JazzTimes, widely regarded as the world’s leading jazz publication, featured Christian Howes in their January/February 2011 issue. In the article, author Geoffrey Himes, paraphrases the musical awakening of Howes which culminates in his latest album, Out of the Blue (Resonance Records).
Christian Howes’ new album explores that transitional passage as music comes out of the blues and into jazz. The recording is called, aptly, Out of the Blue (Resonance), and the title track, a Howes composition, examines that journey in slow motion. When the 38-year-old violinist, his small brown fiddle tucked under his enormous square jaw, first played the tune at Baltimore’s An Die Musik Live! in November, it was as a slow blues with a slippery, syncopated rhythm and a suggestive vocal-like purr. But the second solo was something different: a slow hymn, all humble reverence and sustained tone. Howes seemed to be explaining how gospel music was the midwife that delivered jazz out of its blues womb.
Himes intersperse his article with praise for Christian’s playing and insights from both Howes and Robben Ford, legendary guitarist and guest artist on the album.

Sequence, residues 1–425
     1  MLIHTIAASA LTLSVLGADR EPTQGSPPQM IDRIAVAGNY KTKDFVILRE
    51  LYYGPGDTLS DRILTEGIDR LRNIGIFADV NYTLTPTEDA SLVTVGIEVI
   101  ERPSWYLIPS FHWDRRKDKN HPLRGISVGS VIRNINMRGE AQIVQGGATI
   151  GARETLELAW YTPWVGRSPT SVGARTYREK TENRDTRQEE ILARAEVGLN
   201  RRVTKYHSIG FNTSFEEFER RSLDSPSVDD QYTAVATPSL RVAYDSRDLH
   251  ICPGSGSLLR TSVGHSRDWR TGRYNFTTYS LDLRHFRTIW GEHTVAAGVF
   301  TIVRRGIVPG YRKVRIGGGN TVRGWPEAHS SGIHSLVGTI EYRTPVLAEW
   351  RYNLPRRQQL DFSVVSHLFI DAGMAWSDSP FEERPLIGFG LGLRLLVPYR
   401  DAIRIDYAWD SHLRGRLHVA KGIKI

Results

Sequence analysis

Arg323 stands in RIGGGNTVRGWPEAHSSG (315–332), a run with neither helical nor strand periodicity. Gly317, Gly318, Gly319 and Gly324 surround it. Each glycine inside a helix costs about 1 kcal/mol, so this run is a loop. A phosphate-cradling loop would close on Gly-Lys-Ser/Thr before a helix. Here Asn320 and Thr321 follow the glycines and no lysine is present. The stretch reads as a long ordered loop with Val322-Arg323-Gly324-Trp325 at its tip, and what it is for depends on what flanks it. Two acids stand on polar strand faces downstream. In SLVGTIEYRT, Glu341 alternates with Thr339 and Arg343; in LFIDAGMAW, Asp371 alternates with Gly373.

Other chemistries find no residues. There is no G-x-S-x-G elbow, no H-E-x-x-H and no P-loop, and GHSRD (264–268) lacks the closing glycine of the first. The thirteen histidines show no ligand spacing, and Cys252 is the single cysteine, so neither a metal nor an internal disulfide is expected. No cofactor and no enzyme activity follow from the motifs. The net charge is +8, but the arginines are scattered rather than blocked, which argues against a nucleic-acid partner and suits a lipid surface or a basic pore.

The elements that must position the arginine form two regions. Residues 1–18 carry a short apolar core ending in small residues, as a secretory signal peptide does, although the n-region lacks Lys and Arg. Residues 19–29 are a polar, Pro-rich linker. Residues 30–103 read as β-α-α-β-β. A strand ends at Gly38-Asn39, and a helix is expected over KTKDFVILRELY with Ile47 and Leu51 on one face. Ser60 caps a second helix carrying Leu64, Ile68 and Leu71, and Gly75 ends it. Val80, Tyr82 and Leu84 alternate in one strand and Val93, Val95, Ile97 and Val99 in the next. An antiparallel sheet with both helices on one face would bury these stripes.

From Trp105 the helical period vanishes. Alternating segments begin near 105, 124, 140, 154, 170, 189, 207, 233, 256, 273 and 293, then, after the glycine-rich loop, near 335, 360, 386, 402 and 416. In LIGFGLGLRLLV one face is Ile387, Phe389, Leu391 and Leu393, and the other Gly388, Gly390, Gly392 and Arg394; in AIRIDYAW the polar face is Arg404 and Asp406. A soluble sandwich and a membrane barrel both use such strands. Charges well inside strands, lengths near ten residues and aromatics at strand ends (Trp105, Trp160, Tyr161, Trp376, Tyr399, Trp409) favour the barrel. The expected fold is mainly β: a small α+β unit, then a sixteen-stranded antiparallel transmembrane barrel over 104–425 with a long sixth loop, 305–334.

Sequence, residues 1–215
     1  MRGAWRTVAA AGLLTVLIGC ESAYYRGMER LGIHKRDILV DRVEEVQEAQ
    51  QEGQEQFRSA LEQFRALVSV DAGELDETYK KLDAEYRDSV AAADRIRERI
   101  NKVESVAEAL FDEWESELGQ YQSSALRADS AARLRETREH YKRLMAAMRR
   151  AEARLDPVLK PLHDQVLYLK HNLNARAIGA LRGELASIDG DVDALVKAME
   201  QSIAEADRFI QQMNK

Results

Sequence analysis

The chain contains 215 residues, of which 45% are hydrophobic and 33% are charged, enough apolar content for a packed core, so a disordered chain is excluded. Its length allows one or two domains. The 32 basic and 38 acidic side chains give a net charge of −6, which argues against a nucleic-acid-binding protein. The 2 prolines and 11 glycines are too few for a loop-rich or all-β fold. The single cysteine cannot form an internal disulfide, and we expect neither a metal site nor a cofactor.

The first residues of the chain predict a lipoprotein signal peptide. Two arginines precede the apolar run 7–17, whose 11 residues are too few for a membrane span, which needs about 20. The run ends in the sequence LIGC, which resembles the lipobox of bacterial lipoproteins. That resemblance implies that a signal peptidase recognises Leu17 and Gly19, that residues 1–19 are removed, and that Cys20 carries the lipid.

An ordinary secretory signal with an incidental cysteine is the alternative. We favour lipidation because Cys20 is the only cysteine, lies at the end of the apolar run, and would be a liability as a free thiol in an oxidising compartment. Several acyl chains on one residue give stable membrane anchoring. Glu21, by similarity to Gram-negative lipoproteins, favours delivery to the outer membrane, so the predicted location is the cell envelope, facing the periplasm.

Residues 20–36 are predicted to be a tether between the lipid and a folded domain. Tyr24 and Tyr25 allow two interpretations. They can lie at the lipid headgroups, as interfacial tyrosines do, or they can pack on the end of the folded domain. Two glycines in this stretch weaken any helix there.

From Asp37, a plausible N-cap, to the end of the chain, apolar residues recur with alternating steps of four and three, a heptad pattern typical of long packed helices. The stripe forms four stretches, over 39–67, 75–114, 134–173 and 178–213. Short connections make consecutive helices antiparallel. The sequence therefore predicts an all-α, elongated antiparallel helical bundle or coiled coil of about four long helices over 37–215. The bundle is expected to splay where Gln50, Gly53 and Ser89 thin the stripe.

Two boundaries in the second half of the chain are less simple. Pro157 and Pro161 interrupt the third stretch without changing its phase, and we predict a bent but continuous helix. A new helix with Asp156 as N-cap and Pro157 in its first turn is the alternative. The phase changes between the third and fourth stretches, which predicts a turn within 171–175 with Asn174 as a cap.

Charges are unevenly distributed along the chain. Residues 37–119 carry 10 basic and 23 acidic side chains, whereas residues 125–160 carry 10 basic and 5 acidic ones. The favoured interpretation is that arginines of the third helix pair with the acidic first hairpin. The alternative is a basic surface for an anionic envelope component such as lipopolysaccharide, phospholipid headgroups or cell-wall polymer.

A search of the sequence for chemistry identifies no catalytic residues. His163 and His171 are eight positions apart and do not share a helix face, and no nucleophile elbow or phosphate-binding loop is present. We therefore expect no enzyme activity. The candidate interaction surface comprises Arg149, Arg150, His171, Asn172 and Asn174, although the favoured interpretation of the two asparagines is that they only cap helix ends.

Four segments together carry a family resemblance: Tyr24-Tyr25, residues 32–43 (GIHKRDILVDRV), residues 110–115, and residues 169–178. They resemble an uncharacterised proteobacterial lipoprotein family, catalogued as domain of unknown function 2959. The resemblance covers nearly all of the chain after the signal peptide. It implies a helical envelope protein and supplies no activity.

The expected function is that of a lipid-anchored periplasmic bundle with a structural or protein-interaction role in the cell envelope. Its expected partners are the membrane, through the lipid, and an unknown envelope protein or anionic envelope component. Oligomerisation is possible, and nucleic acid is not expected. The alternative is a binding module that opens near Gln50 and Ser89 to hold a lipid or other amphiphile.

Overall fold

“It was a different kind of music making than I’d ever experienced,” Howes says in relation to his introduction to jazz through the gospel church music experience, “because there was a different relationship between the musicians and the listeners…”
“I first met Christian when we were both working with Bill Evans at Jazz Alley in Seattle,” Ford recounts over the phone. “Christian was mind-blowing; he’s a straight-up virtuoso of the violin. It was ostensibly a jazz thing, but we were also playing blues and rock in that context, and it was astonishing to me what he could do in each setting. A guy like Christian, all they have to do is give him a stage and everybody is going to dig it.”